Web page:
Lefty and Tim: How Steve Carlton and Tim McCarver Became Baseball's Best Battery
By William C. Kashatus; foreword by Larry Christenson
University of Nebraska Press; hardcover, 376 pages; $34.95
The baseball world was saddened this week by the passing of longtime catcher and announcer Tim McCarver. While most people, especially younger generations, in New York know him for his work calling games for the Mets and Yankees, and nationally on Fox, his playing career was just as compelling.
McCarver began his career in 1959 with the St. Louis Cardinals, where he won two World Series championships, in 1964 and '67, and partnered with ace pitcher Bob Gibson to form one of the best batteries in their history.
Then, McCarver found himself with the Philadelphia Phillies in the 1970s, and he duplicated the feat by turning Steve Carlton into one of the best pitchers of his generation.
In the book Lefty and Tim, which was originally released last June, historian and educator William C. Kashatus writes a dual biography of McCarver and Carlton, two of the most compelling characters in baseball history.
Their partnership actually begins in their time in St. Louis together in 1965, and then when they reunited in 1975 in Philadelphia, when McCarver became his personal catcher, they became the best battery in baseball in the mid-to-late 1970s. Carlton won his second Cy Young Award with McCarver behind the plate in 1977.
By all appearances, McCarver and Carlton appeared to be an odd couple. as McCarver came from baseball's old school, while Carlton represented new age thinking on the game.
At the outset of his career, McCarver believed that the catcher called the pitches, encouraged the pitcher when necessary, and got on the pitcher if he deviated from the game plan. Carlton was one of the pioneers of meditation and martial arts in baseball, and he was just as stubborn. The big left-hander also wanted to control pitch selection, and over time they developed a strong bond off the field that allowed them to understand and trust each other.
In this excerpt, Kashatus writes of a big game early in the first full season of the reunification of Carlton and McCarver as a battery, and how unique a partnership it was: "On Saturday, May 1, 1976, Steve 'Lefty' Carlton took the mound for the Philadelphia Phillies in the second game of a doubleheader against the Braves at Atlanta's Fulton County Stadium. The Phils, battling the Pittsburgh Pirates for first place in the National League East, won the first game, 3-0, to improve their season record to 9-6.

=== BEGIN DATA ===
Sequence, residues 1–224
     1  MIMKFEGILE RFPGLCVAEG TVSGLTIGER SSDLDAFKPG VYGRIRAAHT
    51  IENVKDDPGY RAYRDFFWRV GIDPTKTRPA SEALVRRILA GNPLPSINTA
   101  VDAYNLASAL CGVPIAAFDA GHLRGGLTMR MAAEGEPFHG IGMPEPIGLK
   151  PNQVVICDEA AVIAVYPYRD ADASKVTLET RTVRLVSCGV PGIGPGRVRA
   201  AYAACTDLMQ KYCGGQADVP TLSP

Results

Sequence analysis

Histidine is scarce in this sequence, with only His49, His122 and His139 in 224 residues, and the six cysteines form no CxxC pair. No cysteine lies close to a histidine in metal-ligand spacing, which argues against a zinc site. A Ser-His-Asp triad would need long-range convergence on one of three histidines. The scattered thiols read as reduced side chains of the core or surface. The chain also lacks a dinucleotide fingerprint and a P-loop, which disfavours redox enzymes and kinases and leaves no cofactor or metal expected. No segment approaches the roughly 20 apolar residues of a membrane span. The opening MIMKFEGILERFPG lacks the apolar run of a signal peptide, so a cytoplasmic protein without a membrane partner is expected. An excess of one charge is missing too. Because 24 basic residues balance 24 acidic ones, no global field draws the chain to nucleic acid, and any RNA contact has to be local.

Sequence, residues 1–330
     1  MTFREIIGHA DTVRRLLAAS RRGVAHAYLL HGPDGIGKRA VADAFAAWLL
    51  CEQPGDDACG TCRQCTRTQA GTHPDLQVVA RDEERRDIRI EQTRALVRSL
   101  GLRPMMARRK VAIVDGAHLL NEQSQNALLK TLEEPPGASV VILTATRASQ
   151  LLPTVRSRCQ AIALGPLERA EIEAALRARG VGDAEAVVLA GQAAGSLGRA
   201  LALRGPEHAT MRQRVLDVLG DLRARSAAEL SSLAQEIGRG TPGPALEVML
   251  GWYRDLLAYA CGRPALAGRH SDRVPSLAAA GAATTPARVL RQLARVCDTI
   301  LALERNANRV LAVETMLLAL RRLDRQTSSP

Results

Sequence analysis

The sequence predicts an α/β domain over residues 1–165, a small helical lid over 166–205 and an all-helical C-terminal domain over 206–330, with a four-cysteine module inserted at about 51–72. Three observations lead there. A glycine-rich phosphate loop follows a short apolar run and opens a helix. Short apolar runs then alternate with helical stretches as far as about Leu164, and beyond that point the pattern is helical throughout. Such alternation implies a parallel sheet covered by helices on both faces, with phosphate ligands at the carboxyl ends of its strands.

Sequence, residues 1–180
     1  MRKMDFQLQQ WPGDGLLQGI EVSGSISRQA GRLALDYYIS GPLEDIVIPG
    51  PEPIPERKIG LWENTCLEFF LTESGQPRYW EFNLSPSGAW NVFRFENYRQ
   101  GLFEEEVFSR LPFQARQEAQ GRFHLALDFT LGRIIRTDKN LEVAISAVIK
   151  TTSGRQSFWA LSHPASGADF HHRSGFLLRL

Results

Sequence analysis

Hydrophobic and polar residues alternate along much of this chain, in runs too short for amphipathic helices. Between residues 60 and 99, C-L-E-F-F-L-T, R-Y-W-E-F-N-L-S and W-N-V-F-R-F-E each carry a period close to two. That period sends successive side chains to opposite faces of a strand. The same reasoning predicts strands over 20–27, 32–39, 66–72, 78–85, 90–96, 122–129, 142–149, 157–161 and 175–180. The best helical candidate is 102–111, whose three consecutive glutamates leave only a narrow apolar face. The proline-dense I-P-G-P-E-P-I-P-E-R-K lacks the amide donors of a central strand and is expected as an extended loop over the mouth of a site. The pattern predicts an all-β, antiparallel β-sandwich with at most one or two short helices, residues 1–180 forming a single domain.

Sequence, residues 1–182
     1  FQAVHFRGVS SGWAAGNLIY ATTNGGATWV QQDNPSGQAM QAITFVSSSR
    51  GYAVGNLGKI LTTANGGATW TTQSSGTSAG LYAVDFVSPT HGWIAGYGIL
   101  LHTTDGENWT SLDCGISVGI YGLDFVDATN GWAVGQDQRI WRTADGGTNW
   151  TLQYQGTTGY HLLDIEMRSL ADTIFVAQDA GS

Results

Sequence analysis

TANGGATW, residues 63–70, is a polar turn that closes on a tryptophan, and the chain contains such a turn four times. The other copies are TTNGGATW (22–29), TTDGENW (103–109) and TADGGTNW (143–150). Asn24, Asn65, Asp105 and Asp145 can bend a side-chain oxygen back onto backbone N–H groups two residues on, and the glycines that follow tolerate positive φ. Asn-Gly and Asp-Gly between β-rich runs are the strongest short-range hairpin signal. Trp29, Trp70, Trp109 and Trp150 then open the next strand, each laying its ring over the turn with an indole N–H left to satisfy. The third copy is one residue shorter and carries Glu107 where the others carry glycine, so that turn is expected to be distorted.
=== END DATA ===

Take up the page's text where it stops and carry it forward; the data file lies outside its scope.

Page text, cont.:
Winless in his previous three starts, Carlton was struggling to recapture the magic of his extraordinary 1972 campaign. That season Lefty led the NL in wins (27), earned run average (1.97), innings pitched (346.1), and srikeouts (310). The six-foot, four-inch southpaw accounted for nearly half of the last-place Phillies' fifth-nine victories that year. It was one of the most brilliant pitching performances in the history of Major League Baseball, but since that Cy Young Award-winning season Lefty had seemed lost.
Over the next three years Carlton posted mediocre records of 13-20, 16-13, and 15-14, respectively. He abandoned a devastating slider and began to rely on a 90 mph fastball and a long, looping curve as his ERA ballooned to 3.56. Batterymates Bob Boone and Johnny Oates, both talented pitch callers, were unable to help. 'When I caught Steve, I felt he was fighting me,' Boone said. 'He didn't trust my calls and because of his negative thoughts, he would throw poorly.'
General Manager Paul Owens identified the same problem midway through the 1975 season. Owens had a long history of evaluating players. Since 1965 he had been an instrumental figure in the Phillies' front office. He was either remarkably lucky or extraordinarily smart in signing and trading for talented players. When Owens saw his ace pitcher struggling, he seized the opportunity to reunite Carlton with his old catcher, Tim McCarver, a grizzled, thirty-four-year-old veteran. McCarver, released by the Boston Red Sox in June 1975, was looking for a job in the broadcast booth. Owens told him that the club had no openings there, but he did have one as a backup catcher and pinch hitter. The veteran backstop accepted the position.
Carlton and McCarver had been batterymates on the St. Louis Cardinals from 1965 to 1969 and appeared in two World Series for the Redbirds, in 1967 and 1968, earning rings in '67. McCarver was traded to Philadelphia after the '69 season, and three years later Carlton joined him in the City of Brotherly Love, if only for half a season. Traded to the Montreal Expos in July 1972, McCarver had the opportunity to watch Lefty from the opposite dugout. He noted that Carlton had abandoned the slider in 1973 and struggled mightily because of it. When McCarver returned to the Phillies in '75, he encouraged Lefty to return to the slider, and Carlton obliged.
'I had not just the luxury of facing him [with the Cardinals], but being on a team of guys facing him,' McCarver said. 'I remember right-handed hitters would come back to the bench and say at least he didn't throw his slider. I tucked that away. I said if I catch him again, that slider is going to be good.'